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Should You Overpay or Refinance a Bi-Weekly Mortgage?

Should you overpay or refinance a bi-weekly mortgage?

Michael Jensen, Mortgage and Finance Guru
, Mortgage and Finance Guru

The short answer to your question is that you may be able to both. If you can lower your mortgage rate and bi-weekly payment by refinancing you can also overpay your new loan by continuing to make the same payment.

This approach enables you to lower your total interest expense and shorten the length of your mortgage more than if you only do one or the other. Combining overpaying with refinancing enables you to pay off your mortgage faster while saving you money in the long run.

There are several points to consider before you apply this strategy. First, refinancing only makes financial sense if you can reduce your interest rate. This is a relatively obvious point but it is important to highlight.

Second, if possible, when you refinance your new loan term should match the duration of your current mortgage. For example, if you have 20 years remaining on your current loan, then refinance into a new mortgage as opposed to a 30 year mortgage.

Use ourBI-WEEKLY MORTGAGE REFINANCE CALCULATORto determine if you should refinance your loan

While the monthly payment is higher on a shorter mortgage -- because you are paying the loan off over a shorter period of time -- the mortgage rate should be lower than the comparable rate on a longer mortgage.

Additionally, if you maintain your current loan balance, this helps to offset an increase in your payment when you select a shorter mortgage. Simply put, if your outstanding mortgage balance is $135,000, your new loan amount when you refinance should be the same, if feasible.

The table below shows refinance mortgage rates and fees for lenders in your area. We recommend that you shop multiple lenders to find the best loan terms.

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Current Refinance Mortgage Rates as of November 21, 2019
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Data provided by Informa Research Services. Payments do not include amounts for taxes and insurance premiums. Click for more information on rates and product details.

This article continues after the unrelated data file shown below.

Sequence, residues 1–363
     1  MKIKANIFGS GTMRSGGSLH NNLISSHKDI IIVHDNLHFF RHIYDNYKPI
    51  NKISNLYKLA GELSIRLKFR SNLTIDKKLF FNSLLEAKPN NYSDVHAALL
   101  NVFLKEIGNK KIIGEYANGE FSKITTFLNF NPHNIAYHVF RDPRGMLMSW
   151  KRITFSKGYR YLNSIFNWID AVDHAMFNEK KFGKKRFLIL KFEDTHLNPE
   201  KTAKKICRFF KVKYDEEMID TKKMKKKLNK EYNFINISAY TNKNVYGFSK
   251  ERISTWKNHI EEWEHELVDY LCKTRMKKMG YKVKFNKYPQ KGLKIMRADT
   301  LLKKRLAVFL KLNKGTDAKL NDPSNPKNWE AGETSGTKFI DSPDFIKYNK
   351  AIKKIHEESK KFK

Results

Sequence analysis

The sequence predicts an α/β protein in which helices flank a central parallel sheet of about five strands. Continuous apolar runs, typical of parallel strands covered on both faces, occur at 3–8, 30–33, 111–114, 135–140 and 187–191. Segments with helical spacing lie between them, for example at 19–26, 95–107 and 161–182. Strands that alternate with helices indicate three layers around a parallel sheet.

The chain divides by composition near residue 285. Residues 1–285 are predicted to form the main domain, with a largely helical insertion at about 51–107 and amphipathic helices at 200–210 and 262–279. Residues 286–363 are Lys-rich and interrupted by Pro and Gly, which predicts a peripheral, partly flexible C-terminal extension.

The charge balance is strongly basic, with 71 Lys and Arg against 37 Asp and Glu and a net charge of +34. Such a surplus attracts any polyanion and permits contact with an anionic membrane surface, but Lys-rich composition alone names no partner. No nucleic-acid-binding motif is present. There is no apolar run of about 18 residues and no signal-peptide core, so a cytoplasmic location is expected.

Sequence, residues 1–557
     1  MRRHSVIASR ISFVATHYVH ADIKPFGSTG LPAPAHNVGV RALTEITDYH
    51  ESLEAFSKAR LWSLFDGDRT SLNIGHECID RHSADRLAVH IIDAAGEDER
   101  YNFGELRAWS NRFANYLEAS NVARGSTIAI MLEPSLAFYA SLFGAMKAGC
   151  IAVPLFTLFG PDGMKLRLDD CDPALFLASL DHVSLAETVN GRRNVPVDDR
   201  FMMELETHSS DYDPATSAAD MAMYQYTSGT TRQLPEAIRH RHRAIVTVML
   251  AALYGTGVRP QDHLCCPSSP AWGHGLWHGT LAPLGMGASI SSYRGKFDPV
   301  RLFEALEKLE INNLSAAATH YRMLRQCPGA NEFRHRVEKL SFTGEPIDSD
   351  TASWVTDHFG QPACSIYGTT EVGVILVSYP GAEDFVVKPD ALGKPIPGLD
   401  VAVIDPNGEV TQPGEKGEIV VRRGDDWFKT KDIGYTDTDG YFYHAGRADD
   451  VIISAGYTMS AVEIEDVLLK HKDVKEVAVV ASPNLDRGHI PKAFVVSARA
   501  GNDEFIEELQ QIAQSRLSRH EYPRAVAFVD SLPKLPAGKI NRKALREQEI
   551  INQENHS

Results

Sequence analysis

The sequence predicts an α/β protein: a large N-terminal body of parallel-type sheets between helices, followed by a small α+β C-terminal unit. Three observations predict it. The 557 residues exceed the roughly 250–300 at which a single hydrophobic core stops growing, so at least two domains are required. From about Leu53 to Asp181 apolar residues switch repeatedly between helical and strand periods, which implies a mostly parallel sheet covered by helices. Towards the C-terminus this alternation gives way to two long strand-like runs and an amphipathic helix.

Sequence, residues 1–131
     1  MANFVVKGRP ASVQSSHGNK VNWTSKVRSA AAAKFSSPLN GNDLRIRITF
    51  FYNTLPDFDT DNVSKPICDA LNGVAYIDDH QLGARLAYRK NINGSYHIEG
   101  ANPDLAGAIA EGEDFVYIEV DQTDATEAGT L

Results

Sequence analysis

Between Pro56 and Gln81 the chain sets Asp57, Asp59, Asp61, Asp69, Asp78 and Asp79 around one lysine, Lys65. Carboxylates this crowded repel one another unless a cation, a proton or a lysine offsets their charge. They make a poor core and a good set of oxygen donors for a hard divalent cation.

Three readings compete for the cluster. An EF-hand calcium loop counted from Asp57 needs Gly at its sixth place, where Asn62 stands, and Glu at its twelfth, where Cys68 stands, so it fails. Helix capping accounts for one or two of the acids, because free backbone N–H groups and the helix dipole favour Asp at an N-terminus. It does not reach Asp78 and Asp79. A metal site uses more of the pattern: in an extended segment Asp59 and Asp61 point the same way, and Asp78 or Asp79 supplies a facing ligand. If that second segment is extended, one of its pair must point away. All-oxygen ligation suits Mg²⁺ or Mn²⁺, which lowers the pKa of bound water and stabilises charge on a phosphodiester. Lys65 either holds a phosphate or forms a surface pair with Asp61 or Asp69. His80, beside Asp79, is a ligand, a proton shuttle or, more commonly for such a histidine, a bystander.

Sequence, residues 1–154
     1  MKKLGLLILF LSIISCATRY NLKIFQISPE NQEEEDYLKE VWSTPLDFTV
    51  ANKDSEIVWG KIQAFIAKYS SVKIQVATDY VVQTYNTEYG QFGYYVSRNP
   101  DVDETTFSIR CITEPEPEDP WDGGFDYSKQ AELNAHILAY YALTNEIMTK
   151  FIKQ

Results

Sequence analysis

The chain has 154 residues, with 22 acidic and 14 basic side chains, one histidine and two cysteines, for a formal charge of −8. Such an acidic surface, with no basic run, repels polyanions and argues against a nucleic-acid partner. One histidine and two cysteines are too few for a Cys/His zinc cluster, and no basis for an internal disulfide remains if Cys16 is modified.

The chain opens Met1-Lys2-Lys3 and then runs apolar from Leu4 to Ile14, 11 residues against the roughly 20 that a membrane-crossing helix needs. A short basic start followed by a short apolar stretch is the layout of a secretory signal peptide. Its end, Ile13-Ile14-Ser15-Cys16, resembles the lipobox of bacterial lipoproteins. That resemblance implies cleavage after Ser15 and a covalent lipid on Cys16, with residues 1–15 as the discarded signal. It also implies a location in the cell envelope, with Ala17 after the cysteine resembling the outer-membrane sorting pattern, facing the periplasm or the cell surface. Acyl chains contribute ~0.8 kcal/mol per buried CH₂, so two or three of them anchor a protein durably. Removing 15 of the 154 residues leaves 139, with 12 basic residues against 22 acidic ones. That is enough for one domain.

If you can lower your mortgage rate, maintain your loan term and and keep your loan amount the same, then it likely makes sense to move forward the refinance. In this case, overpaying your bi-weekly mortgage is simply a matter of making the same payment or potentially increasing your payment to overpay your loan by even more.

For example, if your current bi-weekly payment before you refinance is $1,200 and your new payment after refinancing is $1,000, you continue to make the same payment and the extra $200 is applied to reduce your principal mortgage balance. You could also pay more or less than your old payment, depending on your financial situation and other factors.

The more you overpay, the faster you pay off your mortgage and the lower your interest cost over the life of your loan. The good news is that you already pay off a bi-weekly mortgage faster than a monthly loan but overpaying enables you to shave even more time and payments off of your mortgage.

Use ourBI-WEEKLY MORTGAGE ACCELERATION CALCULATORto determine your savings from overpaying your loan

There are a couple of final points to keep in mind. First, you should never pay a third party or service to overpay your mortgage.

Simply add the amount of the extra payment to your check or send a separate payment to your lender. We recommend that you follow-up with your lender to confirm that the extra payment is applied to your principal mortgage balance. Please note that you can usually start (and stop) overpaying your mortgage at any point and by any amount.

Finally, even if you do not refinance your bi-weekly mortgage, you can still benefit from overpaying your loan. Although combining overpaying with refinancing maximizes your savings, you can always shorten your loan term and reduce your interest cost by paying more than the required payment.

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About the author

Michael Jensen, Mortgage and Finance Guru

Michael is the co-founder of FREEandCLEAR. Michael possesses extensive knowledge about mortgages and finance and has been writing about mortgages for nearly a decade. His work has been featured in leading national and industry publications. More about Michael

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